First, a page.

This blog post is at the back of a conversation I had on Twitter with a few people about how (not) to deploy code to an environment. It all started after reading a blog post by Jesse Liberty with the title Azure For Developers – Part 3: Deploying from Visual Studio. I have huge respect for Jesse and I know he's been around for much longer than I've been. However, I felt that he omitted something very important from his blog post. The fact that although deploying from Visual Studio works great and is super convenient, this is something that should …[read more]
Showing all posts tagged: 'Automation'
A 14-post collection
For most of your monitoring and alerting needs, Azure Monitor should be the tool of choice. It's made the whole process so much easier and streamlined while, for the first time, providing management through the portal. I've already blogged about various monitoring options here. However, there are a still few edge cases (not for long) for which Azure Monitor can't be the solution. In this instance, I needed a way to monitor and alert on failed backups on Azure Web Apps Azure Web Apps have this awesome feature that allows you to run backups on a schedule to ensure that …[read more]
Last week I started a mini-series that focused on [Azure Functions and DevOps. The tooling is still being worked and in the interim we need a solution in order to do proper CI/CD with Azure Functions. In this post we're looking into how to deploy Azure Functions using ARM Templates only. That's correct. This is a one stop solution but requires that you include your function code inline to the ARM JSON template. This is somewhat undocumented and I had to figure out how do it with help from the Azure PG (product group). The good parts Obviously this …[read more]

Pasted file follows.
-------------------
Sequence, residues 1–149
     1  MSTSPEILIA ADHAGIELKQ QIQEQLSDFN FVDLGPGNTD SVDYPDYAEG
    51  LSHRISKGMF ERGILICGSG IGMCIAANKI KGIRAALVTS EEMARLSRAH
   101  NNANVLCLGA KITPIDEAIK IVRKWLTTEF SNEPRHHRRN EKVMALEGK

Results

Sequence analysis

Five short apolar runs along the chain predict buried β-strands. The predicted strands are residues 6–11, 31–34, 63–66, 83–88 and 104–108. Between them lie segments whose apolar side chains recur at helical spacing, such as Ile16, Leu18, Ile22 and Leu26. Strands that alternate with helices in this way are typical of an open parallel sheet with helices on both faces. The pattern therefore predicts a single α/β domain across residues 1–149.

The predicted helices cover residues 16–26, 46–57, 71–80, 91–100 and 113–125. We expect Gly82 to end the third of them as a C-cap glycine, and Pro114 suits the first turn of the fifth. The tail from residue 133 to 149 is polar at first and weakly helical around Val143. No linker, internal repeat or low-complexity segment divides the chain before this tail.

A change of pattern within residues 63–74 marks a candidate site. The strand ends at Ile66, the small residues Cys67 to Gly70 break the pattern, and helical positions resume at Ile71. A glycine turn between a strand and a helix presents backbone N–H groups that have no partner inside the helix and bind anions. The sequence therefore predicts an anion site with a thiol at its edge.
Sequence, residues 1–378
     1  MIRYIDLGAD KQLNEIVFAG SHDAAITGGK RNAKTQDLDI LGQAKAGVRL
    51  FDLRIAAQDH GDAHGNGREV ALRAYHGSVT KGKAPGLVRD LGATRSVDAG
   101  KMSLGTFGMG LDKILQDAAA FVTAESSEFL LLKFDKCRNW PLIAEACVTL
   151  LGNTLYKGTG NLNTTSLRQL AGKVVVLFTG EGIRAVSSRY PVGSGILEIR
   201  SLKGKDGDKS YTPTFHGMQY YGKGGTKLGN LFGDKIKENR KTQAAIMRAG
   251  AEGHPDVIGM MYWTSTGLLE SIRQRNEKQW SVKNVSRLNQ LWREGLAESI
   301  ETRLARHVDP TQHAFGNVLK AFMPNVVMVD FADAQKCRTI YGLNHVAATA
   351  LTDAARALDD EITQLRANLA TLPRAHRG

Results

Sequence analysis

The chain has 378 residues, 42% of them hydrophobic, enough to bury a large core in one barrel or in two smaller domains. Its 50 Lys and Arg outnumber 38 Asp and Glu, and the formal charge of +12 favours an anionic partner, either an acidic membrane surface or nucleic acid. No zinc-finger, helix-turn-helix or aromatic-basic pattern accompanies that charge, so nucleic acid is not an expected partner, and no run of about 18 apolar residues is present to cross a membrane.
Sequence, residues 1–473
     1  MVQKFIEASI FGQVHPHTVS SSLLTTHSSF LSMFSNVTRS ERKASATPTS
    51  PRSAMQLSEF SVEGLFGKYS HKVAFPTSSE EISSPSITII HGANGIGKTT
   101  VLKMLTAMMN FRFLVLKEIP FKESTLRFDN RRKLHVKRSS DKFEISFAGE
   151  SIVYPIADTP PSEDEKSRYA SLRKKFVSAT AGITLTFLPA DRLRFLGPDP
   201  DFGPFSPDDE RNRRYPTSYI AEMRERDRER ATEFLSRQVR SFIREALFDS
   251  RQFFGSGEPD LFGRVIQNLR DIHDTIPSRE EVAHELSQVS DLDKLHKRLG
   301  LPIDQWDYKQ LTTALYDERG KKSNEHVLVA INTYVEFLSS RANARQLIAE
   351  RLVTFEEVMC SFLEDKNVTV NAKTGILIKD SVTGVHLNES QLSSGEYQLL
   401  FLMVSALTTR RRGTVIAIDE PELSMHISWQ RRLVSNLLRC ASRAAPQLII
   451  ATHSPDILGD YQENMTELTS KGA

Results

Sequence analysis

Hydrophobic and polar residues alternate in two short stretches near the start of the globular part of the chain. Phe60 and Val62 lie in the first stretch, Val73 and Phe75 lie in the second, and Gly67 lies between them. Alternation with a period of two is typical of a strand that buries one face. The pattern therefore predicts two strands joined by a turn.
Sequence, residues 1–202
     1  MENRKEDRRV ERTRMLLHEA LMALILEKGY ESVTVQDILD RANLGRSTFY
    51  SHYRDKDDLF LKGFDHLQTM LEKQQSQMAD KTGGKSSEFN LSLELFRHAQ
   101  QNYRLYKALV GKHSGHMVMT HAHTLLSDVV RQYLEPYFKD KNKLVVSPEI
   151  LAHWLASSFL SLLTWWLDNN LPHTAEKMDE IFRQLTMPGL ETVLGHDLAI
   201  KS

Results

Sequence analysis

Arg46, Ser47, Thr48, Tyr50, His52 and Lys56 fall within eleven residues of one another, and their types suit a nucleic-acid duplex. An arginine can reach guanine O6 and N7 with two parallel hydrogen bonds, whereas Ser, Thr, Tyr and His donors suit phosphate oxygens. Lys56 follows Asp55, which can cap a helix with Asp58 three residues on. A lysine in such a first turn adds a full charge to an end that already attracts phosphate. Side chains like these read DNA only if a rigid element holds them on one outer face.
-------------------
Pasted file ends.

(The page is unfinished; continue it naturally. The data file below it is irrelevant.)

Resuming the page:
This approach is by far my preferred and favourite. Ok, it's not perfect but I believe that it provides the most open source, versatile and flexible way to deploy your functions using any tool and any platform. This one does not require you to install any special tools other than the Azure CLI on your build server. In this step, rather than trying to do everything from one file, i.e. the ARM template, I decided to go with the 2 step approach: Deploy the ARM template with the Application Service and Function(s) structure Deploy the Function(s) code. …[read more]
What is a service principal? Azure has a notion of a Service Principal which, in simple terms, is a service account. On Windows and Linux, this is equivalent to a service account. These accounts are frequently used to run a specific scheduled task, web application pool or even SQL Server service. In a cloud context, Service Principals are the new paradigm. They are great because they allow you to provision an account that only has enough permissions and scope to run a task within a predefined set of Azure resource. It is vital that you don’t use your own …[read more]